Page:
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20 Sections of dismantled border wall from iconic cross-border venue safeguarded by community organizations


A construction worker taking down a border wall piece

Twenty sections of border wall recently dismantled at Friendship Park have been procured by the San Diego-based Museum of Us at the request of the community coalition, the Friends of Friendship Park. These sections of retired border wall – each 18 feet high, eight feet wide, and weighing over 4000 pounds – present a "time capsule" of life at Friendship Park, the iconic cross-border meeting place overlooking the Pacific Ocean. They also offer a unique vantage of the "fronteriza" culture that characterizes the "trinational" region (U.S., Mexico, Kumeyaay Nation) at the western end of the U.S.-Mexico border.

 

In the coming months, the Friends of Friendship Park will partner with the Museum of Us to facilitate a community-driven process for determining how and where these historically, artistically, and culturally significant artifacts will be re-distributed back into the community for public exhibition. The soon-to-be-announced members of a Community Advisory Council will determine how the former sections of border wall from Friendship Park can help tell stories of humanity that transcend barriers.

 

"We look forward to deeply listening to and learning from the community of people to whom Friendship Park has meant so much for so long," said Micah Parzen, CEO of the Museum of Us, which is located in San Diego's Balboa Park and widely recognized as a leader in the museum field. While the Museum of Us is open to the possibility of hosting an exhibit, it is committed to following the lead of the Community Advisory Council, which will be convened by the Friends of Friendship Park. "The Museum of Us is honored to have played a role in securing so many sections of the former border wall at Friendship Park from being destroyed. But we know that they belong to our larger community, not to us. We are confident that, wherever they end up being displayed, the Community Advisory Council will make sure to bring the multi-faceted stories that make Friendship Park so meaningful to life," Parzen said.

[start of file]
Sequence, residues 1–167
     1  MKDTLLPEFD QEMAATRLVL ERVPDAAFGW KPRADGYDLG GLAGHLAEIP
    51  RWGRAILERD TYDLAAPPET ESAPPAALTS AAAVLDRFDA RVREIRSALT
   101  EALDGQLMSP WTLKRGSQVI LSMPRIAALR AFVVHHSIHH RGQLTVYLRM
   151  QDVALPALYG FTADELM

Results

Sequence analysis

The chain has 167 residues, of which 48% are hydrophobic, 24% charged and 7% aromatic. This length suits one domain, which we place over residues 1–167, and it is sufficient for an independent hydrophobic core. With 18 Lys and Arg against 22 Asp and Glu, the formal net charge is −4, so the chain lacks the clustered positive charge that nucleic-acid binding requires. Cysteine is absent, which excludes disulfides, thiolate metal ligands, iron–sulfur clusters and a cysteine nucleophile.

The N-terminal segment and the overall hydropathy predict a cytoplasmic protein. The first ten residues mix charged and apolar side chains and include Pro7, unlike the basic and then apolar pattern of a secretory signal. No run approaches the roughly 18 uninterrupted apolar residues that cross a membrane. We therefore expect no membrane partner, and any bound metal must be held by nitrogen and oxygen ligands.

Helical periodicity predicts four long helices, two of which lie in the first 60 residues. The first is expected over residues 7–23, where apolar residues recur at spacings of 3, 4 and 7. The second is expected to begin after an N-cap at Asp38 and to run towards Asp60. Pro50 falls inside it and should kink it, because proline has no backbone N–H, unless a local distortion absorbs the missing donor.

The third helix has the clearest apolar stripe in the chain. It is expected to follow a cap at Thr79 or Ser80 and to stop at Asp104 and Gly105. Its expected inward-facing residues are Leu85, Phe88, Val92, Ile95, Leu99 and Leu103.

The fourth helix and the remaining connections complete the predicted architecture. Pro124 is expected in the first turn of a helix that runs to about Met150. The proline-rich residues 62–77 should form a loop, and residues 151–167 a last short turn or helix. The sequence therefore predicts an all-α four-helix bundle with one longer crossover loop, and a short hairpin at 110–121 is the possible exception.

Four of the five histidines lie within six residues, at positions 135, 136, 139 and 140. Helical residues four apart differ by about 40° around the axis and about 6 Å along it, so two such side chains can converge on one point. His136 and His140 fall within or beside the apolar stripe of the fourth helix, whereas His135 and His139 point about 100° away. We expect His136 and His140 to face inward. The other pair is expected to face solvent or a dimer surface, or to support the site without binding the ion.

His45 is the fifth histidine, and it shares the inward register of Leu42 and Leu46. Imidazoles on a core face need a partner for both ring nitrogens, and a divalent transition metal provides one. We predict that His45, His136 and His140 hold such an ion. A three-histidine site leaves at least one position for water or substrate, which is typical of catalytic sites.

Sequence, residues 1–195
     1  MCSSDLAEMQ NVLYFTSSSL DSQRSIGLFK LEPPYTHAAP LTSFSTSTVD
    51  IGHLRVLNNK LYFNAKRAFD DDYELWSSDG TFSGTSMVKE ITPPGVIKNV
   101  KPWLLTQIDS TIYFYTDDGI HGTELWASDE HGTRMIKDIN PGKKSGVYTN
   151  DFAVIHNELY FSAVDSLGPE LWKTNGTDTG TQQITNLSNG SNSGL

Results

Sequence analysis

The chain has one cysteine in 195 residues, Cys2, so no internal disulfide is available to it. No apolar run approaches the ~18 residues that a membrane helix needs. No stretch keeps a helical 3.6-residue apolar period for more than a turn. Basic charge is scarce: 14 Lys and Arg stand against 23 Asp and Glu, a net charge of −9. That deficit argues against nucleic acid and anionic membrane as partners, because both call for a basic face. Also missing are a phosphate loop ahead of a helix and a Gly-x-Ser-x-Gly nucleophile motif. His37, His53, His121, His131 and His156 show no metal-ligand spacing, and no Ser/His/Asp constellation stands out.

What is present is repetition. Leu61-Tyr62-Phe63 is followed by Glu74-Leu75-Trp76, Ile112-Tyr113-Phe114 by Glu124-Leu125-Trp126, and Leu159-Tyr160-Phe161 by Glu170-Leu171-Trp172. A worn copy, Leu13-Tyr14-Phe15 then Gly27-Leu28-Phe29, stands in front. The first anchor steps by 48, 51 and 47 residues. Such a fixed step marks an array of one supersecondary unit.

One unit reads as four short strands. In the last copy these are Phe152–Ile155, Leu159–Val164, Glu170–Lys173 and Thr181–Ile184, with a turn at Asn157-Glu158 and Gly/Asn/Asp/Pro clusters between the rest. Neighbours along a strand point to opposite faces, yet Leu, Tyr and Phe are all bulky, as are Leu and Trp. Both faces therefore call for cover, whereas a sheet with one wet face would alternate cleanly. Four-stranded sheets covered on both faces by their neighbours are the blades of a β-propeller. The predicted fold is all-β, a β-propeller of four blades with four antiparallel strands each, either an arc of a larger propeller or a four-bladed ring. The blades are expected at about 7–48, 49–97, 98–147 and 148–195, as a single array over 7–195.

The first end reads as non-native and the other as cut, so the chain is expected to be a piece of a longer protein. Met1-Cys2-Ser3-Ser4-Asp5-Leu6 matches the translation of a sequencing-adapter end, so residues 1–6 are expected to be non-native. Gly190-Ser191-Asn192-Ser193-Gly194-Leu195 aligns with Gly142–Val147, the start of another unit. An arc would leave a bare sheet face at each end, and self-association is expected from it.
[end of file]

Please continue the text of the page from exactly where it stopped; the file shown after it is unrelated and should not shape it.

From the time they were first erected in 2011, the preserved sections were the site of countless peaceful, cross-border encounters, including thousands of reunions of friends and family separated by the border wall. While U.S. authorities prohibited decorating the U.S. side of the border wall at Friendship Park, the Mexican side of the wall became a favorite site of artistic and cultural expression for community members and well-known Mexican artists.

 

"These sections of wall were a barrier to the landscape, but they also became a canvass where artistic expression, religious and political beliefs, dreams, frustrations, and mixed emotions all became entangled," said the photographer Maria Teresa Fernandez, who has spent decades documenting changes at this iconic site.

 

Friendship Park is a public park and cross-border meeting place at the western end of the U.S.-Mexico border, on Kumeyaay/Kumiai land and an important site to Kumeyaay/Kumiai Nation. At Friendship Park people from both sides of the border meet up to nurture the land, break bread together, make friends across barriers, and celebrate the culture and heritage of la frontera

 

"These sections of border wall will make clear to all who will someday see them that the U.S.-Mexico border is, at its essence, a place of creative human encounter and endeavor, a place of friendship," said John Fanestil, a leader of the Friends of Friendship Park. 

 

The Prebys Foundation has supported the planning phase of this extraordinary community-based collaboration. "The Prebys Foundation is proud to support this project, recognizing the profound impact that these sections of the border wall have had on the community," said Grant Oliphant, CEO of the Prebys Foundation. "Amid division, Friendship Park has fostered a place of understanding, familial connection, and resilience in the face of what otherwise is the difficult shared human experience. We support the community’s ability to preserve these sections because they reflect a nuanced, rich cultural narrative that defines our region. We believe that by giving these artifacts a place of honor, we are helping to maintain a vital dialogue on the themes of friendship, resilience, and our multicultural regional identity.”


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View the original post by Friends of Friendship Park here.

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